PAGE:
#4. Fostering potential, developing talent

Leaders should look beyond today’s success and think about tomorrow’s too. A big part of this is recognizing potential rather than just performance.

Mistakes are inevitable. It’s the reaction to and development from them that the best leaders are interested in.

Get better at developing your team by:

  • Encouraging people to become the best version of themselves, rather than simply following and mimicking you.
  • Avoiding a blame culture where mistakes are seen as an abject failure, and instead cultivating a growth-minded organization where everyone either wins or they learn.
  • Use appraisals and workshops to create space for intrinsic identification of areas for development, with regular check-ins and debriefs to help encourage a reflective mindset in your team. Ask questions that stir self-reflection, rather than bombarding people with critical analysis.

#5. Giving and getting feedback

It’s tempting to see feedback as a chance to pass your judgment about why something didn’t work and weigh it too much towards either being too critical or too positive. There needs to be a balance, but not at the expense of clarity.

To generally improve giving feedback:

  • Remember it should always come from a place of reflection, with advice that is constructive and actionable.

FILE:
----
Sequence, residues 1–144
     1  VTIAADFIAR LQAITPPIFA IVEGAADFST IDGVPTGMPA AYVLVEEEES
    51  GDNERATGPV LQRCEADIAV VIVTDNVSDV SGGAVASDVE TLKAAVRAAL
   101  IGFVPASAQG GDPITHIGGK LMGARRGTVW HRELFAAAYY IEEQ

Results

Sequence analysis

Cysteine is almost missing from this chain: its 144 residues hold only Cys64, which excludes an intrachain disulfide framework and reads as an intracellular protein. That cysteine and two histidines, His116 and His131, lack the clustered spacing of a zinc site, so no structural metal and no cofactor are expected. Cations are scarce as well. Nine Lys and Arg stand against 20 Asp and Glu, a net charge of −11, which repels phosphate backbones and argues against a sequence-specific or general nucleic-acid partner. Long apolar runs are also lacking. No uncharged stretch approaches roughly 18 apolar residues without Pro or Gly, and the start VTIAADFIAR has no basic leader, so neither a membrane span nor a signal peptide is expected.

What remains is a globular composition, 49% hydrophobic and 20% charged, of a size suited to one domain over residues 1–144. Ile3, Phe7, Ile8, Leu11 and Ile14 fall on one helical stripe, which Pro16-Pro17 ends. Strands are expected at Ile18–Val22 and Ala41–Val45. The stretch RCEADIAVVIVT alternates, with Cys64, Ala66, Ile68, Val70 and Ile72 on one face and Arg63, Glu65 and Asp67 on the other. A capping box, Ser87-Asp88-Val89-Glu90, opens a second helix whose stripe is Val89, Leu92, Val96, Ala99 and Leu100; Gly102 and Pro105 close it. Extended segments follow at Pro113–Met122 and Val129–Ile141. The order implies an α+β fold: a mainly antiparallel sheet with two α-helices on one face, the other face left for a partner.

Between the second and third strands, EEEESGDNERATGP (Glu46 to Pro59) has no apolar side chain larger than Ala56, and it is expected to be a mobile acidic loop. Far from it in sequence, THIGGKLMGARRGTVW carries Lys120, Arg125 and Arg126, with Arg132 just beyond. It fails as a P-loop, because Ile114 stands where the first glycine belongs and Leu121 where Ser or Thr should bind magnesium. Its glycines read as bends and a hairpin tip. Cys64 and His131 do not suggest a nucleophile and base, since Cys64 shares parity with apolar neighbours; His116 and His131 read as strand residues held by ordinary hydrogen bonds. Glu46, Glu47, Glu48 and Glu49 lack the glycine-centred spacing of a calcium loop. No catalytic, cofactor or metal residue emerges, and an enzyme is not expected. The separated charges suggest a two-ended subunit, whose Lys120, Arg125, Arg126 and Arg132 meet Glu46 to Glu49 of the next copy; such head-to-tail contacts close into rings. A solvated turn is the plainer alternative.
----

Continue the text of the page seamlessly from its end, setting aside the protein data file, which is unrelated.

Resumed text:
• There’s no use talking in abstract terms with non-identifiable examples. Keep it relevant to the individual and their experiences, with a clear idea of what they can do to try and find their way through it next time, and why it will benefit them.
  • Set an example of how to receive feedback by being a bastion of the values you’re trying to encourage.

#6. Setting goals for all

It’s not enough to set goals for yourself. You need to be able to set, support, and oversee goals for others too.

The problem with goals is they can sometimes be restrictive and narrow. If everyone is fixated on goals, they do not see the inevitable issues that can arise in the space between goals.

Don’t fall into the trap of only measuring output through goals. Many people in your team may be indispensable, but if you measured their performance purely on goals, this could fail to reflect their true impact.